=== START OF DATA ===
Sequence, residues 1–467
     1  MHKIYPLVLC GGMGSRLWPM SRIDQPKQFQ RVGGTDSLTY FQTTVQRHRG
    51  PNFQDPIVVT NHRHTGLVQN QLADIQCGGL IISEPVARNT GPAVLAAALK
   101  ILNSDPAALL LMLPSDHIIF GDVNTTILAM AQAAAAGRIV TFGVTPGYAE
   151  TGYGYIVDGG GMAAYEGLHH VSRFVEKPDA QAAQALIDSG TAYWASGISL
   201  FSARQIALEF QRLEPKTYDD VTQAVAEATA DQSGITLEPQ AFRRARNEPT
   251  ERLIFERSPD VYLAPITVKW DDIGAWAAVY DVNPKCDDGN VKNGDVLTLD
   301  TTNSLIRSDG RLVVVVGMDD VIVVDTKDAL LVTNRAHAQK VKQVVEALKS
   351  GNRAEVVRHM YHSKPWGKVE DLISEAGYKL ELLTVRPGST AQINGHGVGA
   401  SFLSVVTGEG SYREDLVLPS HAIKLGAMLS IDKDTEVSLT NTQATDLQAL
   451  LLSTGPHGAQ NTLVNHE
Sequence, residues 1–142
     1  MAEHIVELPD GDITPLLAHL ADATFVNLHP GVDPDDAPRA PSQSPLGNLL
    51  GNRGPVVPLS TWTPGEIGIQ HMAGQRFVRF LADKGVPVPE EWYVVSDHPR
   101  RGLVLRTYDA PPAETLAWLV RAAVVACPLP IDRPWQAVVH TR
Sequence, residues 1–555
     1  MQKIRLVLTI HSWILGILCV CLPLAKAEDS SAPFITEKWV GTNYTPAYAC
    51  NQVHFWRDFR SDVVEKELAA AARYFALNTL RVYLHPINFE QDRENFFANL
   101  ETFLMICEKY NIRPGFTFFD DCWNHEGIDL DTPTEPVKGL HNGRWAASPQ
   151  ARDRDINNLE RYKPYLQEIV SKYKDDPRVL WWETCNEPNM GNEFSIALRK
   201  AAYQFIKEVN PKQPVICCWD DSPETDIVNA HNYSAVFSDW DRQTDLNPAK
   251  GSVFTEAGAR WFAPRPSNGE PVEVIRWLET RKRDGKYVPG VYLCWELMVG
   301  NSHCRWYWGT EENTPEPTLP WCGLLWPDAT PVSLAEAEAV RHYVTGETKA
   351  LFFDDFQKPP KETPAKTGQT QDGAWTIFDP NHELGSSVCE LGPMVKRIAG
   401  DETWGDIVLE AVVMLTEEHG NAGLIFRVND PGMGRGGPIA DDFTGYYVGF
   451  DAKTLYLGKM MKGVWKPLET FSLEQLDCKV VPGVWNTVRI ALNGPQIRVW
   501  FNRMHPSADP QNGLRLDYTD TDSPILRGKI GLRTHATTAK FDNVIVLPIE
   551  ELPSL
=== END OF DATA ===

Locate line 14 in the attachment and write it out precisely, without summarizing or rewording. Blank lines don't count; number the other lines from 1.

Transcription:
    51  GNRGPVVPLS TWTPGEIGIQ HMAGQRFVRF LADKGVPVPE EWYVVSDHPR